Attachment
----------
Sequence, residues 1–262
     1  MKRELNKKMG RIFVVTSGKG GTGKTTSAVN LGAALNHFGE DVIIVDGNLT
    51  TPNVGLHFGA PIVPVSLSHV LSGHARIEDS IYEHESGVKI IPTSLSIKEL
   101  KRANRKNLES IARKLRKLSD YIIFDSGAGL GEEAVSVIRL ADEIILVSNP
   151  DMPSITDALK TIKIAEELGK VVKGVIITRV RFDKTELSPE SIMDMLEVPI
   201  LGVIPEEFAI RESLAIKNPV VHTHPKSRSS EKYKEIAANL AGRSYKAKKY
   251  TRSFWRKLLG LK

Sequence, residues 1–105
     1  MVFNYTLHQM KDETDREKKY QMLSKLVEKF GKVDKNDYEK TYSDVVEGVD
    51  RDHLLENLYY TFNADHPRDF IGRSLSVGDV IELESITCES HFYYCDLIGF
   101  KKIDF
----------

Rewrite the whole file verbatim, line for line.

Sequence, residues 1–262
     1  MKRELNKKMG RIFVVTSGKG GTGKTTSAVN LGAALNHFGE DVIIVDGNLT
    51  TPNVGLHFGA PIVPVSLSHV LSGHARIEDS IYEHESGVKI IPTSLSIKEL
   101  KRANRKNLES IARKLRKLSD YIIFDSGAGL GEEAVSVIRL ADEIILVSNP
   151  DMPSITDALK TIKIAEELGK VVKGVIITRV RFDKTELSPE SIMDMLEVPI
   201  LGVIPEEFAI RESLAIKNPV VHTHPKSRSS EKYKEIAANL AGRSYKAKKY
   251  TRSFWRKLLG LK

Sequence, residues 1–105
     1  MVFNYTLHQM KDETDREKKY QMLSKLVEKF GKVDKNDYEK TYSDVVEGVD
    51  RDHLLENLYY TFNADHPRDF IGRSLSVGDV IELESITCES HFYYCDLIGF
   101  KKIDF